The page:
israel visa requirementsNOTE: All the information in this section about Israel visa requirements is taken from Tourist Ministry sources and is presumed to be correct and up-to-date. If you’re thinking of coming during Corona, read our latest COVID-19 updates about when you can enter Israel.

Passports and Visas

All visitors to Israel must hold a passport that is valid for at least six months from the date they enter the country. People with no nationality must hold a valid laissez-passer, as well as a visa back to the country that issued it.

Once here, you will be entitled to remain in Israel up to three months from the date of your arrival (an important note – this is if you are arriving on a B2 Tourist visa).

Visitors intending to work in Israel must submit a request to the Ministry of the Interior for a special visa (a B1 visa, which is granted in accordance with Ministry of Interior guidelines; this basically means you should have a job and the paperwork lined up before you even attempt to arrive in the Holy Land).

Important note for tourists continuing from Israel on to Arab countries and worried about the evil (!) Israeli stamp in your passport (except for Egypt and Jordan who are still on good terms with Israel and won’t care about the passport stamp; and yes, this article is a must-read): despite the improved technology at border crossings (see the following paragraph), it is recommended that you request from the immigration officers that an Israeli stamp does not appear on your passport.

Note that from 2013 Israeli passport control no longer officially stamps your passport at almost all border crossings – BUT they may stamp a separate piece of paper known as the Electronic Gate Pass, which is actually a small slip of paper that fits into your passport (please hold onto this slip of paper, it provides official proof of your visa status in Israel). However, the issue of Jordanian and Egyptian passport control stamping your passport (and hence showing signs of you being in Israel) still remains…

Tourist Visas

Citizens of the following countries will be issued tourist visas free of charge at every port or entrance terminal to Israel (this PDF is updated with the latest Israel visa requirement and eligibility):

Europe – Austria, Italy, Iceland, Ireland, Belgium, Britain, Gibraltar, Germany (people born after 1.1.1928), Denmark, Holland, Hungary, Greece, Luxembourg, Lichtenstein, Monaco, Malta, Norway, Slovenia, San Marino, Spain, Portugal, Finland, France, Cyprus, Sweden, Switzerland, Bulgaria, Croatia, Estonia, Czech Republic, Hungary, Latvia, Poland, Romania, Slovakia.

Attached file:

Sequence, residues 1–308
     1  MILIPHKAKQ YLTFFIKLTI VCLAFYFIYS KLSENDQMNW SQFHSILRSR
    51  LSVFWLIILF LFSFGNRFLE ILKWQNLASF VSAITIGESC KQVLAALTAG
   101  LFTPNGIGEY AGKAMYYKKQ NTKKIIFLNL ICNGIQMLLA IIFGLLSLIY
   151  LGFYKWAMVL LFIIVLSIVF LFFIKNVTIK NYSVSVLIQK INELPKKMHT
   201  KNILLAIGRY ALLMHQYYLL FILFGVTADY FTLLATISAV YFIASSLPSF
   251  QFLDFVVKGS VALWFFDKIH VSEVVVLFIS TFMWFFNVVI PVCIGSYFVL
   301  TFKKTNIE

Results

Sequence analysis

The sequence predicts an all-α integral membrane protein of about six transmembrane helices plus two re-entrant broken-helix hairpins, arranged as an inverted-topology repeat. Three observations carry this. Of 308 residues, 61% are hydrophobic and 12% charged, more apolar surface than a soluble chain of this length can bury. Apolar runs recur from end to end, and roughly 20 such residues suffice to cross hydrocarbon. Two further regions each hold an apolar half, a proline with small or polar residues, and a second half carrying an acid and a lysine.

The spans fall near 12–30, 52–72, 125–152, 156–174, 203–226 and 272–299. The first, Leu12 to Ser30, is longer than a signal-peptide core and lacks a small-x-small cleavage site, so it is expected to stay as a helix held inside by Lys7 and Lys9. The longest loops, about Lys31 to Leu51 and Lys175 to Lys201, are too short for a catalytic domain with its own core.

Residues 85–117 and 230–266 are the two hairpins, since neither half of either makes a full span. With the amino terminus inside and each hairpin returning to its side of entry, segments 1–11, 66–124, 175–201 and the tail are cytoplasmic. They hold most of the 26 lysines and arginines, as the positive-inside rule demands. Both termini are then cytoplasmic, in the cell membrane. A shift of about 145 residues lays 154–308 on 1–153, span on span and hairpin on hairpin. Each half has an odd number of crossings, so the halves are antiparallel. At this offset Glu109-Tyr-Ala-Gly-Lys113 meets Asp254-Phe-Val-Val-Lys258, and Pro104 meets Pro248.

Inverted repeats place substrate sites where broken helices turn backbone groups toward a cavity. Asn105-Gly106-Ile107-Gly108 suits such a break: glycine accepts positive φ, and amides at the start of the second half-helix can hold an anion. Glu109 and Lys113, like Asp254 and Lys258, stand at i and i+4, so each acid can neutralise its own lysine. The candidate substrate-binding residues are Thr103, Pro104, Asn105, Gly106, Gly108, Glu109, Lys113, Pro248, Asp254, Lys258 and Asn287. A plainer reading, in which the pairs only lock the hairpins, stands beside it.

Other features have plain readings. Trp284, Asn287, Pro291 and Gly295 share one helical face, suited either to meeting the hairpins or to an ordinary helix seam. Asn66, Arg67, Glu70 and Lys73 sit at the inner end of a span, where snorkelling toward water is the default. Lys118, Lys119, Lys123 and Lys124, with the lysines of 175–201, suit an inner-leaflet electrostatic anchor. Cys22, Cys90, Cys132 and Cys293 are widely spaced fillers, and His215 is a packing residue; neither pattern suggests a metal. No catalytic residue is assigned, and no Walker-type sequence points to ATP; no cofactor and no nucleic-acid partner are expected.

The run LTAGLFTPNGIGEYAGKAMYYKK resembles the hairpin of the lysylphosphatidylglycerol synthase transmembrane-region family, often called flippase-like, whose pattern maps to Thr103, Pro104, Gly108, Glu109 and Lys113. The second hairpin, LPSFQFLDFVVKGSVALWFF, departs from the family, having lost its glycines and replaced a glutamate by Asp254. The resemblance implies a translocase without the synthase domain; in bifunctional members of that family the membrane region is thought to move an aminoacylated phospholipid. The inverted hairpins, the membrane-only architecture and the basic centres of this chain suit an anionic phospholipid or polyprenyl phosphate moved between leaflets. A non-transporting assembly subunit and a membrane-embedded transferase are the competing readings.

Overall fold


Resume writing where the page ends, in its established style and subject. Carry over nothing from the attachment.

Asia and Oceania – Australia, the Fiji Islands, South Korea, Hong Kong, the Philippines, Japan, New Zealand, Micronesia, Singapore, Mongolia, Vanuatu.

Africa – Lesotho, Mauritius, Malawi, South Africa, Swaziland, the Central African Republic.

America – Uruguay, the Bahamas, El Salvador, Ecuador, Argentina, the United States, Bolivia, Barbados, Brazil, Guatemala, Jamaica, Haiti, the Dominican Republic, Trinidad and Tobago, Mexico, Surinam, Nevis and Saint Kitts, Panama, Paraguay, Chile, Colombia, Costa Rica, Canada, St. Lucia.

Transit Visas

Visitors desiring to stop in Israel on their way to other destinations may request a transit visa for five days, which can be extended for another 10 days. Travelers on passenger ships stopping in Israel will be issued with a disembarkation card enabling them to stay in Israel as long as their ship is anchored in Israel. There is no need to submit a request for a visa.

Extension of Your Stay

Your visa can be extended (for a fee) at the Ministry of the Interior at the following addresses (it might be easier to call *3450 or dial 12223450):

Jerusalem – 24 Hilell Street 02-6294726

Tel Aviv – 125 Menachem Begin Street 03-5193305

Haifa – 15 Pal-Yam 04-8633333

Eilat – Ha-Tamarim Street, City Center, 2nd Floor 08-6381333

Tiberias – 23 Zaki Elkhadif 04-6729111

Ben-Gurion Airport – 03-9774200/1/2

And if you’re still not sure, check out the government website, which should have the correct and updated info here.

Don’t miss our FAQ for answers to all your Israel travel questions!
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